Once you have the relevant tags in place, you have instrumented your content to report how often site visitors access the tagged content. You then can log the activity data for various tags and feed the information to a content analysis system or service.

Tools for content analysis

When it comes to analyzing your content performance data, there are analytics tools and applications available to fit almost any budget and line of inquiry. You can use an analysis service in the cloud or run software on premises, within your own infrastructure.

For example, Google Analytics is one of the most popular cloud options, particularly for small and medium business (SMB) sites; it features many easy-to-use dashboards. Alternatively, some of the more sophisticated WCM systems feature direct integration capabilities with customer relationship management (CRM) applications. Visitors’ actions on your website are automatically added to records within the CRM system, where you can then analyze the data to find out what content they have accessed and determine what actions to take to further engage with those visitors to drive increased business.

A third approach entails adopting a specialized and heavily integrated marketing automation platform. There are multiple cloud application providers that promise substantial results for targeted marketing in return for a relatively small up-front investment.  Some of the leaders in that space would be Salesforce, Adobe/Marketo, ClickDimensions, and others.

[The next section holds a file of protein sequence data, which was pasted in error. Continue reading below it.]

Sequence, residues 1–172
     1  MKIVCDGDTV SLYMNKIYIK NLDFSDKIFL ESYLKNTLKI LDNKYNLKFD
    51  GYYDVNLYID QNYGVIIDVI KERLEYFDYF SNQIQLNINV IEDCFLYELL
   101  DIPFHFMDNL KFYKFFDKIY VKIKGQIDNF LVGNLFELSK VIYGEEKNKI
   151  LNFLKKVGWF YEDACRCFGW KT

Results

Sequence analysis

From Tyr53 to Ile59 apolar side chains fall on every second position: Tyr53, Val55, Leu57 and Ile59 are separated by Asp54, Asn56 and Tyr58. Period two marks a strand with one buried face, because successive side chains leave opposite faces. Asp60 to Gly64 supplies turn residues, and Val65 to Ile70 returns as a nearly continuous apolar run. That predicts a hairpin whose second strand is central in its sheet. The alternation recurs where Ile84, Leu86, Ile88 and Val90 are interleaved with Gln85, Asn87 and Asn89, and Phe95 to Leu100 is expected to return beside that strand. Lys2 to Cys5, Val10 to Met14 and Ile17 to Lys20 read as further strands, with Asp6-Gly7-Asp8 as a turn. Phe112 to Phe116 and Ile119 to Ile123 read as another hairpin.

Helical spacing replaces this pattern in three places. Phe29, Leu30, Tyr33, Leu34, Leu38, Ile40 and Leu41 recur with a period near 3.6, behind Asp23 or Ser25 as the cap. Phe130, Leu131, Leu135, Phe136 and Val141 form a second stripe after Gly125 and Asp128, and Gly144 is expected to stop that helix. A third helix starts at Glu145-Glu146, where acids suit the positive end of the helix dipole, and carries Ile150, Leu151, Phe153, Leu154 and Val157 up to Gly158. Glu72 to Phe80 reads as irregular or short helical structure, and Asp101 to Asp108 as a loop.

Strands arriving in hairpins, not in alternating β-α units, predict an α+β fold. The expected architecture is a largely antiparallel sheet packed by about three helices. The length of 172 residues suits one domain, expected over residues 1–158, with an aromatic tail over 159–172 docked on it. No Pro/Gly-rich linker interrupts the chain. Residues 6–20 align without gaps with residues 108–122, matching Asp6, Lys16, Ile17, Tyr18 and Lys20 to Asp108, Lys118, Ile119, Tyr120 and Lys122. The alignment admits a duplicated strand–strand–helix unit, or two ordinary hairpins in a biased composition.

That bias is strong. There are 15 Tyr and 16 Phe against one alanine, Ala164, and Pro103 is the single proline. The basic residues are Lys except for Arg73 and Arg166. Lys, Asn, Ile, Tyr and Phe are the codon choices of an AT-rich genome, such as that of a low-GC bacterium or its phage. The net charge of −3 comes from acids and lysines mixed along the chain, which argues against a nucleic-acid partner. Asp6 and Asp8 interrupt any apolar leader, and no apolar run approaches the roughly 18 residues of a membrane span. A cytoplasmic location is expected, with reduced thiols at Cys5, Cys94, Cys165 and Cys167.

Getting started

As discussed, there are multiple ways to get started with content analytics to determine the success of your website. Here are three key points to bear in mind:

1.    Start simple and focus on the most crucial events that drive business value for your business. Define the top 2 or 3 and add additional ones as your digital business maturity develops.

2.    Not all engagement events need to originate within your WCM system. For example, you may run an advertising campaign in a community publication that is designed to drive people to register for an online event. Be prepared to identify and measure that uptick in interest to determine if the advertising investment was worthwhile in terms of your website traffic doing more than simply registering for the event.

3.    For success, content analytics needs to be an integral part of your website and not an afterthought. As you design your site or redesign it for mobile access and social networking, be sure to include content analytics as a core part of your underlying information architecture. Even if you do not implement the analysis capabilities in your initial rollout, be sure to plan on tagging your content for measurement, just as you tag it for meaning.